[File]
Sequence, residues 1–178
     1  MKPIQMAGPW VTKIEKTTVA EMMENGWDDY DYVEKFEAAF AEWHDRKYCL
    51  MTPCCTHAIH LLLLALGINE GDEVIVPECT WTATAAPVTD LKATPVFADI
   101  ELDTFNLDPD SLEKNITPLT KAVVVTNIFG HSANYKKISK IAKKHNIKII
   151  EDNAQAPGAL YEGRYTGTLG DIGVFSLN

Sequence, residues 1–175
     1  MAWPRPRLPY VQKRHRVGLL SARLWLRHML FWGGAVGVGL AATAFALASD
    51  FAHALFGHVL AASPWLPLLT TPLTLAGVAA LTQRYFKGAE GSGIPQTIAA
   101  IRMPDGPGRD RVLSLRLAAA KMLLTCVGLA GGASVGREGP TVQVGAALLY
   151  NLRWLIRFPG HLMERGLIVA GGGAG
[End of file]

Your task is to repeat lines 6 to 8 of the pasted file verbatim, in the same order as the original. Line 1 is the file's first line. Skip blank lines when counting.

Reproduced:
Sequence, residues 1–175
     1  MAWPRPRLPY VQKRHRVGLL SARLWLRHML FWGGAVGVGL AATAFALASD
    51  FAHALFGHVL AASPWLPLLT TPLTLAGVAA LTQRYFKGAE GSGIPQTIAA